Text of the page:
The migratory monarch butterfly (Danaus plexippus plexippus) was added to the International Union for Conservation of Nature’s (IUCN) Red List of Threatened Species this week. Categorized as Endangered, these insects have just a Critically Endangered classification to pass before being considered Extinct.
With the addition of the migratory monarch butterfly, the IUCN Red List now contains 147,517 species, with over 41,000 of them being threatened with Extinction.
Environmental changes, habitat destruction, and the use of pesticides are thought to be the cause of the dramatic reduction in their numbers, which has seen a population decrease of between 22 and 72 percent in the last decade. Droughts and wildfires have limited the growth of milkweed, a primary source of food for monarch caterpillars, and deforestation has stripped these butterflies of their nesting grounds.
This dramatic fall in numbers raises concerns about the species' ability to maintain the population and prevent a further decline in numbers. Despite the evident population decline, and the efforts of organisations like IUCN to raise awareness of the insect’s plight, the United States has not yet listed the migratory monarch butterflies under the Endangered Species Act.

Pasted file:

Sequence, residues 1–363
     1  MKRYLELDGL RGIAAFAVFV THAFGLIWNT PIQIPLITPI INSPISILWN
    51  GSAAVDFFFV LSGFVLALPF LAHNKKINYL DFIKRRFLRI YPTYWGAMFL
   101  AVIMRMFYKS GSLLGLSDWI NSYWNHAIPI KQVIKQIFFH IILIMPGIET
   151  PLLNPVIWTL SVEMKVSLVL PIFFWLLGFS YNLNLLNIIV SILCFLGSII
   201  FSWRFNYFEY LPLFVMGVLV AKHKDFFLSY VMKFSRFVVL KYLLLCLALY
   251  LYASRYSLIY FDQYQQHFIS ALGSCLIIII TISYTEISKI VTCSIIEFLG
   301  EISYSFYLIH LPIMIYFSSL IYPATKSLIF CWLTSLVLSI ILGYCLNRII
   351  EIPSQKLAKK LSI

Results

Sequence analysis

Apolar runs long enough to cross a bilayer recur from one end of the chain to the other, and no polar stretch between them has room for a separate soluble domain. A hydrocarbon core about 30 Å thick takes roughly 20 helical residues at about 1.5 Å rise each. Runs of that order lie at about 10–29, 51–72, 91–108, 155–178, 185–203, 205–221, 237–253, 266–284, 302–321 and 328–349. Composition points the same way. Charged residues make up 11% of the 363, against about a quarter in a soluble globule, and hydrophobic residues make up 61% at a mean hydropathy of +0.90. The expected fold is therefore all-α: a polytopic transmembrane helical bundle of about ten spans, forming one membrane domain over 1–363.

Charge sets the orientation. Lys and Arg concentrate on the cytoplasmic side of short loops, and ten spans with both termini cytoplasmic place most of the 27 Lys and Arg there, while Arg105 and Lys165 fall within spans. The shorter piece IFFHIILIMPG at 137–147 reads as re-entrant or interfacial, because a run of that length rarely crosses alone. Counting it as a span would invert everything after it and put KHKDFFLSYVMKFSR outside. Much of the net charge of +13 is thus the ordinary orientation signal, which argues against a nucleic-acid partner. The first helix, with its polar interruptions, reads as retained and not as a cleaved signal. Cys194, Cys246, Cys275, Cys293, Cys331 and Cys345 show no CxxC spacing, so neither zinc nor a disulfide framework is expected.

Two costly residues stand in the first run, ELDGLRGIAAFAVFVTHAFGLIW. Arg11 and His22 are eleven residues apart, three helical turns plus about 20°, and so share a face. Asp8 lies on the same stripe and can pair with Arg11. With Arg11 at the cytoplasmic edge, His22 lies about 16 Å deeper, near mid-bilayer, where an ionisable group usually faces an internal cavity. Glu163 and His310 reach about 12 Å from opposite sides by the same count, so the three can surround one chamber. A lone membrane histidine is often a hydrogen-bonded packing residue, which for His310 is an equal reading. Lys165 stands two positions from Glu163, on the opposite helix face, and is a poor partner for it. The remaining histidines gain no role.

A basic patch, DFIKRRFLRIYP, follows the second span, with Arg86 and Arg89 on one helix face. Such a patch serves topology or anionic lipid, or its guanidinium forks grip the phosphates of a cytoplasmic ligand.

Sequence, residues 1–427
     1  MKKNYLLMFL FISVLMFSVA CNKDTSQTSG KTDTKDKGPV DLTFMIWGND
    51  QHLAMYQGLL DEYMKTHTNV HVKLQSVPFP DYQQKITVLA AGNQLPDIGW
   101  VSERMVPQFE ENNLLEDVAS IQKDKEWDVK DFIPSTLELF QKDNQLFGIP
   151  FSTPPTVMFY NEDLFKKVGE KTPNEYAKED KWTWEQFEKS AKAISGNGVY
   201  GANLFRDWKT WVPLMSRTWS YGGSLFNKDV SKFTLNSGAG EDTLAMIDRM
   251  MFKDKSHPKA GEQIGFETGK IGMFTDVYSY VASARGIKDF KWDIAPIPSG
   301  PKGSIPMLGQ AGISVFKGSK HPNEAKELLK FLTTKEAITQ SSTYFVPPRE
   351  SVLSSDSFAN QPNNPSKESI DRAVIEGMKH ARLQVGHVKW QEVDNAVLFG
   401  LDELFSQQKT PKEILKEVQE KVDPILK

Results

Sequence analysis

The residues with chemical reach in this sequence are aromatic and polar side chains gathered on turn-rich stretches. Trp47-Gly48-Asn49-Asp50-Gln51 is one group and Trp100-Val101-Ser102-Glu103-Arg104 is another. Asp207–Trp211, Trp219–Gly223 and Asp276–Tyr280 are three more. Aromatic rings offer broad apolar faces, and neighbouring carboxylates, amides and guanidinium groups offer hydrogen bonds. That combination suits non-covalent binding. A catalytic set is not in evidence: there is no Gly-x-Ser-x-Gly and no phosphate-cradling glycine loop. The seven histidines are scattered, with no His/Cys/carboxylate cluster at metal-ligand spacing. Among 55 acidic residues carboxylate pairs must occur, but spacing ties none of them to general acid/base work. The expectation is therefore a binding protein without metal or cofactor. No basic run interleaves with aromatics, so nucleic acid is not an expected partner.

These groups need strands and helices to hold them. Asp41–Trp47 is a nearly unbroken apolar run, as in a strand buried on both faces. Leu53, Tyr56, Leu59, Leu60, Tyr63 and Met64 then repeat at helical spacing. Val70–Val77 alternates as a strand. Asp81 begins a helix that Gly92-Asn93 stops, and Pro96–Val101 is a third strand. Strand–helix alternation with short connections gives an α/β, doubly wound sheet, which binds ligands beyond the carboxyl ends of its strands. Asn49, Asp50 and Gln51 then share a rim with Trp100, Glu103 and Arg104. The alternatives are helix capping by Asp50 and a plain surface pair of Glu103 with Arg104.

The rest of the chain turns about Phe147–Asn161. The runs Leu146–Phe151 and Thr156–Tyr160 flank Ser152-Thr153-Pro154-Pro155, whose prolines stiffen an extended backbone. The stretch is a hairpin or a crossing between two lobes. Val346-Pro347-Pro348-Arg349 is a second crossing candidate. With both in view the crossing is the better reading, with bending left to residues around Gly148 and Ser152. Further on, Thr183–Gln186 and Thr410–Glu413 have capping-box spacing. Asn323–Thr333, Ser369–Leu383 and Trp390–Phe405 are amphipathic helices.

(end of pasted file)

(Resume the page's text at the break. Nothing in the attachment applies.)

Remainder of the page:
The migratory monarch butterfly, a subspecies of the monarch butterfly (Danaus plexippus), are identifiable by their iconic black and orange wing patterns. These insects undertake a nearly 5,000 kilometer (3,000 mile) migration across North America, flying up to 160 kilometers (100 miles) per day, making this the longest migration of any known insect species.
Unlike their adventurous cousins, the species of nonmigratory monarchs do not face the same risk of extinction, and for now, their Central and South American habitats seem to sustain their numbers.
In 2008, the El Rosario Monarch Butterfly Reserve in Mexico was designated a UNESCO World Heritage site, with the aim of protecting overwintering monarchs, but despite best efforts, the site also saw a reduction in occupied acreage between 2019 and 2020. Threats from illegal logging are putting both the roosting sites and those protecting them at risk, after two butterfly activists were killed trying to protect the forest in 2020.
Despite the discouraging statistics, organizations like the El Rosario Monarch Butterfly Reserve and other overwintering sites are working tirelessly to protect these dwindling numbers.
By planting milkweed, reducing pesticide use, protecting roosting sites, and contributing to community science by helping monitor populations, we can all be involved in encouraging a resurgence of this iconic species.